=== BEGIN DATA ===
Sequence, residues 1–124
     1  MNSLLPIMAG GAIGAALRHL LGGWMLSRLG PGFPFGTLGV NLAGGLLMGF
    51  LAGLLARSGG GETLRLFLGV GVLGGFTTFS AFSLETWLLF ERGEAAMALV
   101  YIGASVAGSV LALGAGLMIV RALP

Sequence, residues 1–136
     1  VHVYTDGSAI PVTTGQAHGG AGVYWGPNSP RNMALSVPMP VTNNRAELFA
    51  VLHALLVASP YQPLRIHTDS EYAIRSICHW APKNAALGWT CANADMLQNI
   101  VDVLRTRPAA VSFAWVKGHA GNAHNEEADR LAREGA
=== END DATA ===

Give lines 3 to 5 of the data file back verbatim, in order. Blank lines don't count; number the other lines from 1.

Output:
    51  LAGLLARSGG GETLRLFLGV GVLGGFTTFS AFSLETWLLF ERGEAAMALV
   101  YIGASVAGSV LALGAGLMIV RALP

Sequence, residues 1–136